The Pakistan Democratic Movement boycotted proceedings of the bench of the Supreme Court. The bench was deciding the constitutional validity and status of the ruling of deputy speaker of Punjab Assembly regarding election of the Chief Minister of the province. PDM expressed grave concerns about its lack of confidence in judges of the bench.
Most parties called for the formation of a full court bench for the hearing of the case. The Chief Justice of Pakistan, Mr Justice Umar Ata Bandial, turned down the request of formation of a full bench by terming it not a grave issue for full bench.
The crisis has been overcome, but the situation in the midst of the political tension reflected how much our politicians are politically mature, how much they seem to be inclined toward public and national interests, how much respect they have for state institutions, especially the judiciary, and what kind of changes are required to reframe some parts of the Constitution.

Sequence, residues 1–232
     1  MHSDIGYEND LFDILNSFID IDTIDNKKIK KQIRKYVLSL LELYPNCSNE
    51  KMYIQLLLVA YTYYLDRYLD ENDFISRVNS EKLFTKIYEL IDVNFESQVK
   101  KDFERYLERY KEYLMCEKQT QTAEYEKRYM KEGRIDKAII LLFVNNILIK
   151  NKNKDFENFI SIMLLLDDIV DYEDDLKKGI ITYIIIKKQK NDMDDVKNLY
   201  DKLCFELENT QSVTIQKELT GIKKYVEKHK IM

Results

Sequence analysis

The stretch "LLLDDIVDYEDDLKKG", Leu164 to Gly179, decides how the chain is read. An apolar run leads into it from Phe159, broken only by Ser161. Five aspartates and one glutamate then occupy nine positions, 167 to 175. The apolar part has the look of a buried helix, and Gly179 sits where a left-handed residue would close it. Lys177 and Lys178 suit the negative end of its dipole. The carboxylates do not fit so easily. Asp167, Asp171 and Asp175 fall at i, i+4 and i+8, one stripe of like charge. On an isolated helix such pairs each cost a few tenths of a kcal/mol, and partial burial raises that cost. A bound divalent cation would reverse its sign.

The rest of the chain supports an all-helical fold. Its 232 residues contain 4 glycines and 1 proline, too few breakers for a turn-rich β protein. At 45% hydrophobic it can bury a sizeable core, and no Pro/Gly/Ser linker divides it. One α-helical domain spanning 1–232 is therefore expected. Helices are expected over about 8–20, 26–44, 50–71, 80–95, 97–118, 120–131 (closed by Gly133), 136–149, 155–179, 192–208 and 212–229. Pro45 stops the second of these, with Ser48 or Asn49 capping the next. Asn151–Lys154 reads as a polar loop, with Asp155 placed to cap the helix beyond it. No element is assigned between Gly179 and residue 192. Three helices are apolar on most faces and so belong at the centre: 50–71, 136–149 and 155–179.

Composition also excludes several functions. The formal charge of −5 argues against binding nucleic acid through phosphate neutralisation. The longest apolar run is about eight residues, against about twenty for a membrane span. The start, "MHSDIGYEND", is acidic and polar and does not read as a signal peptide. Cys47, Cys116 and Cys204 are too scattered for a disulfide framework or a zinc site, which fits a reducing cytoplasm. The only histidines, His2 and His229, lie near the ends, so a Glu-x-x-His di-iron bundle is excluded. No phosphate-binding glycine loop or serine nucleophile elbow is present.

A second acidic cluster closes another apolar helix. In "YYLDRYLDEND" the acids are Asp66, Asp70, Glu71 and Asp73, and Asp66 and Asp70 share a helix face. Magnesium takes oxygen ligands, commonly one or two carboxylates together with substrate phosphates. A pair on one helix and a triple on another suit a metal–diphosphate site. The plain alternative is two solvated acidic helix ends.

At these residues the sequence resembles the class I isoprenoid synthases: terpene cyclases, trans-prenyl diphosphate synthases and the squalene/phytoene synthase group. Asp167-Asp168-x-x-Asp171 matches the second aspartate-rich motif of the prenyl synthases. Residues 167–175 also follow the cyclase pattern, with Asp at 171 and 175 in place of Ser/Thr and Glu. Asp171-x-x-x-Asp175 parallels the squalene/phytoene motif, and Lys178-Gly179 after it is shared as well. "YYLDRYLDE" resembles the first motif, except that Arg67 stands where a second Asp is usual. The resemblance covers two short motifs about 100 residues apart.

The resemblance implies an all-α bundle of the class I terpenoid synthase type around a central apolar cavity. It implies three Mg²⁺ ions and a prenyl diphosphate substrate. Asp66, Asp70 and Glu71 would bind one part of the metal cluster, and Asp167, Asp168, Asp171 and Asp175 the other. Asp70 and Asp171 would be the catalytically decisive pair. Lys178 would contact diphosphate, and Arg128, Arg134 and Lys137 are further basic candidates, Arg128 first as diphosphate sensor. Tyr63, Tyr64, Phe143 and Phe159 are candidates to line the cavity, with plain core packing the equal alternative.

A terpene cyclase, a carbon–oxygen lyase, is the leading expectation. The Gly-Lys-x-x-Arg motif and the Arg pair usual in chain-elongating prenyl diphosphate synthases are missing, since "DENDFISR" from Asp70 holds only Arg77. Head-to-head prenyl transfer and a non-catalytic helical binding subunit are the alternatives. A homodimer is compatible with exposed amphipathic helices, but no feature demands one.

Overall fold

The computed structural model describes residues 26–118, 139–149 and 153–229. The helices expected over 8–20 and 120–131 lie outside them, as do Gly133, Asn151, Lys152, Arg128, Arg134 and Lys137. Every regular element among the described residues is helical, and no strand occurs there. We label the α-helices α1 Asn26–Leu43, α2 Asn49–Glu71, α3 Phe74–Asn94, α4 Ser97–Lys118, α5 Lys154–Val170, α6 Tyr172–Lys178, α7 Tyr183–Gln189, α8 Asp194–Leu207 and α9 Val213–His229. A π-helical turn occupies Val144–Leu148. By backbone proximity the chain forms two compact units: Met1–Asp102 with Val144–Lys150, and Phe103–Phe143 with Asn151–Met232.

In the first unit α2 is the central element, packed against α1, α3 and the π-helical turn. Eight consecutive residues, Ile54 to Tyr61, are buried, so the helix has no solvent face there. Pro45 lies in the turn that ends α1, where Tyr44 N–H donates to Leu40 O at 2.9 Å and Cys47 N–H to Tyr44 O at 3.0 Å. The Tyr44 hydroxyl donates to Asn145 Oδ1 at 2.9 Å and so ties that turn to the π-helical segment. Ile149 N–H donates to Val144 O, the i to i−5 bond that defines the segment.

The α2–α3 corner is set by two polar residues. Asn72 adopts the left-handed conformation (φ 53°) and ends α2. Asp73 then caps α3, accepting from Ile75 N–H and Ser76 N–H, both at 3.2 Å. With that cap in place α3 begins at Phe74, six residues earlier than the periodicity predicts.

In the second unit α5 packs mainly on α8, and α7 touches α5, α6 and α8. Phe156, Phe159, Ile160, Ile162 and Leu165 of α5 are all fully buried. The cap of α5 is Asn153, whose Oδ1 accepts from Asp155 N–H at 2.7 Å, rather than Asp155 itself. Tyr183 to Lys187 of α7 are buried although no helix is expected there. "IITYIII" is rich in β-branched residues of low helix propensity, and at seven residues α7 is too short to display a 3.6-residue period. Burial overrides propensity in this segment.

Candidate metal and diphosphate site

Once again, history is repeating itself. The credibility of the third pillar of state, the judiciary, is at stake because the institution has been targeted for a few years by certain political parties against which decisions are passed. Especially, in the midst of recent political leg-pulling for power games, the impartiality of the judiciary is being questioned.
No doubt, the ruling of the apex court shook the tectonic plates of national politics, especially in Punjab. That is the reason directly or indirectly affected political allies accused the top judiciary of partiality. It means that the new and well-cooked narrative to make the third pillar of state controversial is being injected and made to prevail by the PDM and other political parties. The narrative is being projected, and later on will be encashed during the election campaign for political motives as Imran Khan encashed the narrative of American intervention and regime change.
Political victimization of the judiciary, especially in the ongoing political battles, will put smudges on the real face of democracy. Our political leaders are playing a very devastating role by making the judiciary controversial to gain their political objectives. Everyone can observe a newly-devised Pakistani version of democracy in the last two decades, although it has deep historical roots.